West DW (http://www.ncbi.nlm.nih.gov/pubmed?term=%22West%20DW%22%5BAuthor%5D), Kujbida GW (http://www.ncbi.nlm.nih.gov/pubmed?term=%22Kujbida%20GW%22%5BAuthor%5D), Moore DR (http://www.ncbi.nlm.nih.gov/pubmed?term=%22Moore%20DR%22%5BAuthor%5D), Atherton P (http://www.ncbi.nlm.nih.gov/pubmed?term=%22Atherton%20P%22%5BAuthor%5D), Burd NA (http://www.ncbi.nlm.nih.gov/pubmed?term=%22Burd%20NA%22%5BAuthor%5D), Padzik JP (http://www.ncbi.nlm.nih.gov/pubmed?term=%22Padzik%20JP%22%5BAuthor%5D), De Lisio M (http://www.ncbi.nlm.nih.gov/pubmed?term=%22De%20Lisio%20M%22%5BAuthor%5D), Tang JE (http://www.ncbi.nlm.nih.gov/pubmed?term=%22Tang%20JE%22%5BAuthor%5D), Parise G (http://www.ncbi.nlm.nih.gov/pubmed?term=%22Parise%20G%22%5BAuthor%5D), Rennie MJ (http://www.ncbi.nlm.nih.gov/pubmed?term=%22Rennie%20MJ%22%5BAuthor%5D), Baker SK (http://www.ncbi.nlm.nih.gov/pubmed?term=%22Baker%20SK%22%5BAuthor%5D), Phillips SM (http://www.ncbi.nlm.nih.gov/pubmed?term=%22Phillips%20SM%22%5BAuthor%5D).
Exercise Metabolism Research Group, Department of Kinesiology, McMaster University, 1280 Main Street West, Hamilton, ON L8S 4K1, Canada.
Abstract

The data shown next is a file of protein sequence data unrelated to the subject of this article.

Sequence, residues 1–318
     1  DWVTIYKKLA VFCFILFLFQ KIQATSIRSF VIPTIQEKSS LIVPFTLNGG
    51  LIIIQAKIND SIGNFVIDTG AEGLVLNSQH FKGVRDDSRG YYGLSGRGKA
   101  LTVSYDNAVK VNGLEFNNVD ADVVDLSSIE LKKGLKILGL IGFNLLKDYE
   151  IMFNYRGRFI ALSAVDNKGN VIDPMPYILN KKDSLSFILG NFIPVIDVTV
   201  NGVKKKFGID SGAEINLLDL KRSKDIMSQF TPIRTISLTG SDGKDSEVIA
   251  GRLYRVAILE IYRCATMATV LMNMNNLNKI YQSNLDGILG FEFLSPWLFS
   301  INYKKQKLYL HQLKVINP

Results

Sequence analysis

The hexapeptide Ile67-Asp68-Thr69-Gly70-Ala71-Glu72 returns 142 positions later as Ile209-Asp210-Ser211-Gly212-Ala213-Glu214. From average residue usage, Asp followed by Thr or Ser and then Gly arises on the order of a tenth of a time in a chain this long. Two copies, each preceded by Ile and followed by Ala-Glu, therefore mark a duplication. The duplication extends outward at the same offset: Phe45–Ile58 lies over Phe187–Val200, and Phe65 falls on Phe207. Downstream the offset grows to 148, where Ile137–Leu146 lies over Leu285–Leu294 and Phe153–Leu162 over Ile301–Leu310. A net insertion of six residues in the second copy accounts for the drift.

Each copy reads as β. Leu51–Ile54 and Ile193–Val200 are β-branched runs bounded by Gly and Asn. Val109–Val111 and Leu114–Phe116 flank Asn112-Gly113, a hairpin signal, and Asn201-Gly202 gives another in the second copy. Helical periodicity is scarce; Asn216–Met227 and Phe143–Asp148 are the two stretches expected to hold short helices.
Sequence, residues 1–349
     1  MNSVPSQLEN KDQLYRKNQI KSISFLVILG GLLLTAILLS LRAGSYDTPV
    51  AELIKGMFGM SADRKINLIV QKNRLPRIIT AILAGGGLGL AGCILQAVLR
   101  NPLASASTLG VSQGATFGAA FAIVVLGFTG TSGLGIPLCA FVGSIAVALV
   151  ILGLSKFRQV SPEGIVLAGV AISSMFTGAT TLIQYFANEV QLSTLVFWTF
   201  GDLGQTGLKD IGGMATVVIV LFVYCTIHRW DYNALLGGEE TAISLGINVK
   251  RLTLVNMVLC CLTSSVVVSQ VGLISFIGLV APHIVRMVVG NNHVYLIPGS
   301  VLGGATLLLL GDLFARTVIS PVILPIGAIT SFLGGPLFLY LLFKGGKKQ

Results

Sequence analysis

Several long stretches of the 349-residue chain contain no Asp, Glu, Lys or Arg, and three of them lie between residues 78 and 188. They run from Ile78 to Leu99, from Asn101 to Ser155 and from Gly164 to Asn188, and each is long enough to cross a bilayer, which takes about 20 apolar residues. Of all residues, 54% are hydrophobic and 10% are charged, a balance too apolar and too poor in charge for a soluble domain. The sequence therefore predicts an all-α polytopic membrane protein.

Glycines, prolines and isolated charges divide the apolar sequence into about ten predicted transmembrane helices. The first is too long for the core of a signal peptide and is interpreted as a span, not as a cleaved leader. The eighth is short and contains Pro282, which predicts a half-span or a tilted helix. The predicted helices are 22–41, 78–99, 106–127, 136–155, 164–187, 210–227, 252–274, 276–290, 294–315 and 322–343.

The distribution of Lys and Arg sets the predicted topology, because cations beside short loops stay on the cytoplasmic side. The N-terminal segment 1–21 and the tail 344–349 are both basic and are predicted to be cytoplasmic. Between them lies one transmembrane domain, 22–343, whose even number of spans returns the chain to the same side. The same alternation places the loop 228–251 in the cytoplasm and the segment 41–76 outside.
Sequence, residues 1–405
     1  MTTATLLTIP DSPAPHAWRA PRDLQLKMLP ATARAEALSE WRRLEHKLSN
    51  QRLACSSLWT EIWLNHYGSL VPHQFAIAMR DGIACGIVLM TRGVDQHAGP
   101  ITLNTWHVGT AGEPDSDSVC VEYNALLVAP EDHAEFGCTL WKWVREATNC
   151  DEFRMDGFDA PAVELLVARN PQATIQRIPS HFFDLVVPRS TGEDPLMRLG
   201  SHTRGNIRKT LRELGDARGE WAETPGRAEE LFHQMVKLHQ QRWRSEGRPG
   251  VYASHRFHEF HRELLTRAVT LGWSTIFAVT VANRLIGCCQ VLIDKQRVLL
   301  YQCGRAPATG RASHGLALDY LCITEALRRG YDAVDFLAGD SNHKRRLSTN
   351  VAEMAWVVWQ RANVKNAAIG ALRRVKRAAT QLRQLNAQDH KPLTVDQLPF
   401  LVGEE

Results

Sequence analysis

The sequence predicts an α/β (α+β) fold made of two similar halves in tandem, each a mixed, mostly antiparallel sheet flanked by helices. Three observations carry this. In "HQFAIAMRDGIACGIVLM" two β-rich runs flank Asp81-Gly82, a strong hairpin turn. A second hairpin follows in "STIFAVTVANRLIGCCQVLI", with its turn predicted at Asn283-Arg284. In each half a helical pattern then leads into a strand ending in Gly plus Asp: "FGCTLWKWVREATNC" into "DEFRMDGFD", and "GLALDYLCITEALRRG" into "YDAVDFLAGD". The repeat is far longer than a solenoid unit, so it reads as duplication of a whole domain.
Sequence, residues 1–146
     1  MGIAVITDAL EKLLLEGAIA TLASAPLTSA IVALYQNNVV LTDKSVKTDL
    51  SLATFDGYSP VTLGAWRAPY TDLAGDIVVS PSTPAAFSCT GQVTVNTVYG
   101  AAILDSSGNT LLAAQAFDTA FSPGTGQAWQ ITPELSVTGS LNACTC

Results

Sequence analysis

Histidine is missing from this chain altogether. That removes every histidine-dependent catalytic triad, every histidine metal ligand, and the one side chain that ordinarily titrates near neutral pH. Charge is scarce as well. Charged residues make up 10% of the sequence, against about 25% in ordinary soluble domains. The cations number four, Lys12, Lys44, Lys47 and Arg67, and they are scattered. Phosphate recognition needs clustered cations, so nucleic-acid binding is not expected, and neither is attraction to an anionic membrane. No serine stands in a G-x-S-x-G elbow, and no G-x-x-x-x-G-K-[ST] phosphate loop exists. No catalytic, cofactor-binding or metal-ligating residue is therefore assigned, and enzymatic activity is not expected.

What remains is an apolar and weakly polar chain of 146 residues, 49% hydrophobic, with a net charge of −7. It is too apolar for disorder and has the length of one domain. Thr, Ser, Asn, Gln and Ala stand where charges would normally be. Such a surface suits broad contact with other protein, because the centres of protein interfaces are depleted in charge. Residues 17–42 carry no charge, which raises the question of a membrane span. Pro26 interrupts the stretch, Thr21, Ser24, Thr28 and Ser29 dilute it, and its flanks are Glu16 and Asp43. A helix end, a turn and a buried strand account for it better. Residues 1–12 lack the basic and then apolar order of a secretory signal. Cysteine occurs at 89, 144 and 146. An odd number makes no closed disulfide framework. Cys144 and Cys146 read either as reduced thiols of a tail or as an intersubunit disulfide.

We aimed to determine whether exercise-induced elevations in systemic concentration of testosterone, growth hormone (GH) and insulin-like growth factor-1 (IGF-1) enhanced post-exercise myofibrillar protein synthesis (MPS) and phosphorylation of signalling proteins important in regulating mRNA translation. Eight young men (20 +/- 1.1 years, BMI = 26 +/- 3.5 kg m(-2)) completed two exercise protocols designed to maintain basal hormone concentrations (low hormone, LH) or elicit increases in endogenous hormones (high hormone, HH). In the LH protocol, participants performed a bout of unilateral resistance exercise with the elbow flexors. The HH protocol consisted of the same elbow flexor exercise with the contralateral arm followed immediately by high-volume leg resistance exercise. Participants consumed 25 g of protein after arm exercise to maximize MPS. Muscle biopsies and blood samples were taken as appropriate. There were no changes in serum testosterone, GH or IGF-1 after the LH protocol, whereas there were marked elevations after HH (testosterone, P < 0.001; GH, P < 0.001; IGF-1, P < 0.05). Exercise stimulated a rise in MPS in the biceps brachii (rest = 0.040 +/- 0.007, LH = 0.071 +/- 0.008, HH = 0.064 +/- 0.014% h(-1); P < 0.05) with no effect of elevated hormones (P = 0.72). Phosphorylation of the 70 kDa S6 protein kinase (p70S6K) also increased post-exercise (P < 0.05) with no differences between conditions. We conclude that the transient increases in endogenous purportedly anabolic hormones do not enhance fed-state anabolic signalling or MPS following resistance exercise. Local mechanisms are likely to be of predominant importance for the post-exercise increase in MPS.